see El TajínEl Tajín
, ruins, Veracruz state, E central Mexico, representing the remains of a pre-Columbian city-state that flourished in A.D. 100–1200. The site was associated with an ethnic group called the Totonac, and its growth was at first tied with the expansion of
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the conventional name for an ancient city in Mexico, whose ruins are found 8 km southeast of Papantla, in the central part of the state of Veracruz. According to archaeologists, who base their judgment on evidence obtained from excavations since 1934, Tajin in the first millennium A.D. was a major center of the civilization of the Totonacs, culturally one of the most advanced peoples of Pre-Columbian Mexico. Tajin’s buildings were dispersed over a narrow fertile valley and along adjoining mountain slopes, in an area of 959 hectares. The religious and administrative center of the city was located at the bottom of the valley and covered an area of approximately 60 hectares. Also situated there was the multitiered Pyramid of the Niches (height 18 m), commonly known as El Tajin, from which the city derives its name. It is believed that Tajin was built around the fourth century B.C. and flourished until the 13th century.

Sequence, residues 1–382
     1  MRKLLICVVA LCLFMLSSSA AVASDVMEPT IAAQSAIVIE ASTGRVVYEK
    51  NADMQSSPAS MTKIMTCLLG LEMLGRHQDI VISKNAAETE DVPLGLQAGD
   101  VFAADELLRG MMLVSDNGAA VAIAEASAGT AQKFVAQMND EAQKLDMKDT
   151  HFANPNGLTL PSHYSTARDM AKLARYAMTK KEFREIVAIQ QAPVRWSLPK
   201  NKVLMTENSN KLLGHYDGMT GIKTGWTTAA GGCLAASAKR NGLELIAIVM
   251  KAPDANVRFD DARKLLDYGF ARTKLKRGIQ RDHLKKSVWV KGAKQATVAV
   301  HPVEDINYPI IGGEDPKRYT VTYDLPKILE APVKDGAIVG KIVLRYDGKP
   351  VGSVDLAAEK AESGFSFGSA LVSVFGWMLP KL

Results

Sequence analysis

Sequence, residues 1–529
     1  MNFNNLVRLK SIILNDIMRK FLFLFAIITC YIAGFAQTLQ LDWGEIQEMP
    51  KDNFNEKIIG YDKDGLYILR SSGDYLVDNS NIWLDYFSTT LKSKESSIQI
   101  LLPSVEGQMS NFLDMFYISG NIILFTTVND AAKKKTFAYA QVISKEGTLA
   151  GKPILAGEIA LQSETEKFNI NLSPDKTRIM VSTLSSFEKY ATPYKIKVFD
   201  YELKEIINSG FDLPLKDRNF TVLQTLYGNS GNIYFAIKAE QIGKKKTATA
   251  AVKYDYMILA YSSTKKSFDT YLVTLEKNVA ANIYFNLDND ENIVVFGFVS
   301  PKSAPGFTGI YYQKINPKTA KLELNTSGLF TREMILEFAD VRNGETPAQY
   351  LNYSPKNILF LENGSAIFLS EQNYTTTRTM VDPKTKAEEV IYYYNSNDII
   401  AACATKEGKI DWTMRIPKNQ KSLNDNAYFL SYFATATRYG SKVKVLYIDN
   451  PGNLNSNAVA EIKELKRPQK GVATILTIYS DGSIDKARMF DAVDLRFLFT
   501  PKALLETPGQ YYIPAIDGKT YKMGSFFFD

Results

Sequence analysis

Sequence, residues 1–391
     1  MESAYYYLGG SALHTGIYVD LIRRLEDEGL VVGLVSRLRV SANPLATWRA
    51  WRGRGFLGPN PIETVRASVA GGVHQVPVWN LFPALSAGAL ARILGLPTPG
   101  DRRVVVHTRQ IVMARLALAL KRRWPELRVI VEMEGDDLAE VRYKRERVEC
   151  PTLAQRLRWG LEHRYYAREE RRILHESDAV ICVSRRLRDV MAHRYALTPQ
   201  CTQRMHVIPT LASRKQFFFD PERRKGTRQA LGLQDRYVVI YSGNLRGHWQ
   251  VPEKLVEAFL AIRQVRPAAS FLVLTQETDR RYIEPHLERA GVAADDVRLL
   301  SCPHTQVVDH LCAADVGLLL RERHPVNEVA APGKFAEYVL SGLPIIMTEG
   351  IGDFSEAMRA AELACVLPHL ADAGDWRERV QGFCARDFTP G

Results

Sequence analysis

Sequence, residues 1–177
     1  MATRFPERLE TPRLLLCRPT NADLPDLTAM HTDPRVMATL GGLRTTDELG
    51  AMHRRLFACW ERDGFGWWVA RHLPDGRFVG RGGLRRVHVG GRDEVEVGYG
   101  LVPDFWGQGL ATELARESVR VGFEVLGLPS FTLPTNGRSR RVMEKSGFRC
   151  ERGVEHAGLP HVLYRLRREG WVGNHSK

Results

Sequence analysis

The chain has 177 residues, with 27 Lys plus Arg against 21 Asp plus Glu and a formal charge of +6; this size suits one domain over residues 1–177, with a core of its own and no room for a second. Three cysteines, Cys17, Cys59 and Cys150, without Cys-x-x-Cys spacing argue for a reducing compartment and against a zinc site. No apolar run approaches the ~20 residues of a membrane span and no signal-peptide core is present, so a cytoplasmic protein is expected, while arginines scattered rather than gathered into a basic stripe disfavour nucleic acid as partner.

García Payón, J. El Tajín: Guía oficial. [Mexico City, 1961.]
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